Wires that kill the wild

Death due to electrocution is a harsh reality for animals in forests. While deaths of elephants, tigers, leopards, and other endangered fauna are meticulously investigated by authorities, there’s no record on the number of small mammals that are, literally, shocked to death. DT Next reports
IIlustration by Saai
IIlustration by Saai

CHENNAI: Tamil Nadu recently celebrated World Elephant Day and the State policymakers were enthralled with the announcement of Agasthiyarmalai Elephant Reserve (1,197.48 sq km in Kanniyakumari and Tirunelveli) by the Union government. Thought it’s the 5th reserve in Tamil Nadu, a lot of bitter developments and activities continue to affect the pachyderm and the wildlife population in the state.

Electrocution deaths, habitat fragmentation and failure to adopt alternate crops are issues affecting big mammals and the other wild animals in the state.

Tamil Nadu is home to about 3,000-4,000 elephants that migrate across The Nilgiris landscape spread over Tamil Nadu, Kerala and Karnataka. Less than 40% of fatalities are recorded, as there are barely any shred of evidence of large animals like elephants and tigers when they die.

The small mammals like rodents, peacocks, wild boars and small jungle cats go unnoticed or they’re cleared within a few days by the natural scavengers inside the forests, admitted confidential sources with the Tamil Nadu Forest department.

When DT Next spoke to a senior official at forest department, the official said, “Habitat fragmentation and deterioration of forests are the main issues forcing the animals to migrate, but these are policy decisions taken up at the centre and state levels.”

Coming back to electrocution deaths, the forest guards on duty perambulate the forest boundaries looking out for illegalities like unauthorised power connections, movement of poachers and miscreants. In the case of solar fencing, there is no problem. But due to electric fencing, there have been 3 human deaths in the past two years and more than 6 large animals have died during the same period. All these cases are under court trial and investigations.

There is no proper policy in place as 3 departments are involved in monitoring the issue – forest, electricity board and revenue department. “EB department plays a major role in arresting electrocution deaths,” the official clarified.

One of the major problems is the failure of the State to help farmers in adopting alternate crops along the forest boundaries, explains wildlife activist K Mohanraj of Coimbatore. “Advising farmers to adopt alternate crops is easy but the State should come out with beneficiary schemes for farmers to alter the farming pattern for the sake of wildlife,” he adds.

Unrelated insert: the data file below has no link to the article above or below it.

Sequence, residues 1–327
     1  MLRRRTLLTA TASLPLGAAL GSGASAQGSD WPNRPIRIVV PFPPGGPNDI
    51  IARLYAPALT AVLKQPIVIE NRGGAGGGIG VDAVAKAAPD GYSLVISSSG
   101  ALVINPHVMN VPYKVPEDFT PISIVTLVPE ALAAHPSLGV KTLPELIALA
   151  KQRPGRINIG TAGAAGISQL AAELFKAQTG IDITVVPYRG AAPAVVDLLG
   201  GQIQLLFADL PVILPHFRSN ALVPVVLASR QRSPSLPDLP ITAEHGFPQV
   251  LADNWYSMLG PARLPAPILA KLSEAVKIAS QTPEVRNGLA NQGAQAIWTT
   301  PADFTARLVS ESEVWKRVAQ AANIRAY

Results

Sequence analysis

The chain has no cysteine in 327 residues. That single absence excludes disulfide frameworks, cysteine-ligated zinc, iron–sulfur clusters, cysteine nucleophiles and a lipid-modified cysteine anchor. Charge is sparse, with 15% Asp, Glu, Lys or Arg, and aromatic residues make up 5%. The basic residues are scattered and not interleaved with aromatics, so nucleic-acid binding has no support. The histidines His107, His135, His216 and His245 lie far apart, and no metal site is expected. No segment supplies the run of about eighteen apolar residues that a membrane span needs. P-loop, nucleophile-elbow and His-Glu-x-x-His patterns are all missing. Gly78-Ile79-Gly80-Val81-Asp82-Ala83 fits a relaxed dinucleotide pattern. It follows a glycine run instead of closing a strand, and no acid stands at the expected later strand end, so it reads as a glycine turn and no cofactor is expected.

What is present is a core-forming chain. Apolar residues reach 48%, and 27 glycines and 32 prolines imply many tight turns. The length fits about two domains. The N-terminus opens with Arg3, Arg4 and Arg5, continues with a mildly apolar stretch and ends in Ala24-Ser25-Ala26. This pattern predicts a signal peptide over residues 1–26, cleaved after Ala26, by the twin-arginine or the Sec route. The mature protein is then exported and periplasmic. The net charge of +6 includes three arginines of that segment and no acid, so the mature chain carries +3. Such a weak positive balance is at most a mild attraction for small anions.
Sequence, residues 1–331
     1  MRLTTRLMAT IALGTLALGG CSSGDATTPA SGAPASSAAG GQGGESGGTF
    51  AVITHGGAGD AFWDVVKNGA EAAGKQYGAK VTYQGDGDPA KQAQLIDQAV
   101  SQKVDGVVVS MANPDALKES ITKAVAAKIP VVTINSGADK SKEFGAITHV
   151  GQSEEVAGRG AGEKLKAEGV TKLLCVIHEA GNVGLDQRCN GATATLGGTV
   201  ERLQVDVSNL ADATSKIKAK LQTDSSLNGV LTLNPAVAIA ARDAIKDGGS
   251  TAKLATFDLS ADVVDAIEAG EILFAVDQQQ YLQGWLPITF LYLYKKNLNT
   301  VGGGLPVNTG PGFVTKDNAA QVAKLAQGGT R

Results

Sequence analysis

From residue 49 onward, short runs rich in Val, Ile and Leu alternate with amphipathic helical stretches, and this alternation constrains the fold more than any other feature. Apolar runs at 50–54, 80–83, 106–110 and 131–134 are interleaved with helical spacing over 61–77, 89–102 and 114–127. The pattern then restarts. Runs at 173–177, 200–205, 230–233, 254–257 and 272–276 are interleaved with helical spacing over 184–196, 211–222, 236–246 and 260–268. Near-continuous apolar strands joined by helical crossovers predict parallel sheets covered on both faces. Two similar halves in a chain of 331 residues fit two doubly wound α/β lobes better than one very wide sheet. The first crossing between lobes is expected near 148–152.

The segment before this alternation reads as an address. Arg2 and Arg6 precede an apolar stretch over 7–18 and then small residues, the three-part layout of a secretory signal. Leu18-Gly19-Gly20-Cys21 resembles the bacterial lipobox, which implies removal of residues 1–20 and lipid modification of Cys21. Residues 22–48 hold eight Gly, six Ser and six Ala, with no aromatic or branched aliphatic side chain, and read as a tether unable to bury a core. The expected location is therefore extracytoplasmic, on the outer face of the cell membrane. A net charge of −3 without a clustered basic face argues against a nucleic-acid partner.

Farmers can cultivate alternate flower crops like kanagambaram and jasmine, drumstick, lemon, chilli, and grains. These don’t attract elephants, wild boars and other mammals.

“They should be made aware of this, and be provided logistical support,” says. “Alternate crops will reduce crop loss and minimise human-animal conflicts. If alternate crops are adopted, there’s no need for the electrical fence that pose danger to humans and animals.”


• The proposal by forest department to designate 1,197.48 sq km in Kanyakumari and Tirunelveli as the Agasthiyarmalai Elephant Reserve was approved by the Union Environment Ministry recently.

• Tamil Nadu will oversee this area, which is the fifth elephant reserve.

• Asian elephants in the Periyar-Agasthyamalai landscape are estimated to be 1,800 (Census 2010).

• The forest department may be eligible for additional financing through the centrally sponsored Project Elephant

• Around 300 are found on the southern side of the reserve and Mahendragiri hill ranges in the Neyyar, Shendurney, and Peppara wildlife sanctuaries and Kalakkad-Mundanthurai Tiger Reserve – all located in Thiruvananthapuram Forest Division.


• Incidence of wildlife electrocution higher in Coimbatore – Mettupalayam, Gudalur, Erode, Sathayamangalam and Valparai.

• In the past 10 years, over 80 wild elephants killed in train accidents and electrocution.

• Less than 40% of electrocution recorded, as evidence of large animals like elephants and tigers when they die.

• Farmers purchase electricity products via online platforms, which are not BIS authorised.

• As per norms, electrical fencing should not exceed 5 joules, but 100 joules given near forest region to protect farm land.

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